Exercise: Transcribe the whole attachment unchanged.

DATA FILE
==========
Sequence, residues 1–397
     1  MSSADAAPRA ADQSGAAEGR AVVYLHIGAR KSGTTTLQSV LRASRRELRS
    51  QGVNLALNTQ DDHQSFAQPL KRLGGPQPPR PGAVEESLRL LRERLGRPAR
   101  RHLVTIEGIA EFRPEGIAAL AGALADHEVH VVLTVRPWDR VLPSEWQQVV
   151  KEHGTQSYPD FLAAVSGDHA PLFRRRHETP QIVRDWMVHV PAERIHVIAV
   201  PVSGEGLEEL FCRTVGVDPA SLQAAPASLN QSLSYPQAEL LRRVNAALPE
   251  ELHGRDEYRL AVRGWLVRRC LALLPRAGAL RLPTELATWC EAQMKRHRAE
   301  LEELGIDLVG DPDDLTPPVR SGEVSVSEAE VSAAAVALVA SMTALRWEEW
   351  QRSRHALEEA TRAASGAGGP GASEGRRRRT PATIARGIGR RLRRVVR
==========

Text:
Sequence, residues 1–397
     1  MSSADAAPRA ADQSGAAEGR AVVYLHIGAR KSGTTTLQSV LRASRRELRS
    51  QGVNLALNTQ DDHQSFAQPL KRLGGPQPPR PGAVEESLRL LRERLGRPAR
   101  RHLVTIEGIA EFRPEGIAAL AGALADHEVH VVLTVRPWDR VLPSEWQQVV
   151  KEHGTQSYPD FLAAVSGDHA PLFRRRHETP QIVRDWMVHV PAERIHVIAV
   201  PVSGEGLEEL FCRTVGVDPA SLQAAPASLN QSLSYPQAEL LRRVNAALPE
   251  ELHGRDEYRL AVRGWLVRRC LALLPRAGAL RLPTELATWC EAQMKRHRAE
   301  LEELGIDLVG DPDDLTPPVR SGEVSVSEAE VSAAAVALVA SMTALRWEEW
   351  QRSRHALEEA TRAASGAGGP GASEGRRRRT PATIARGIGR RLRRVVR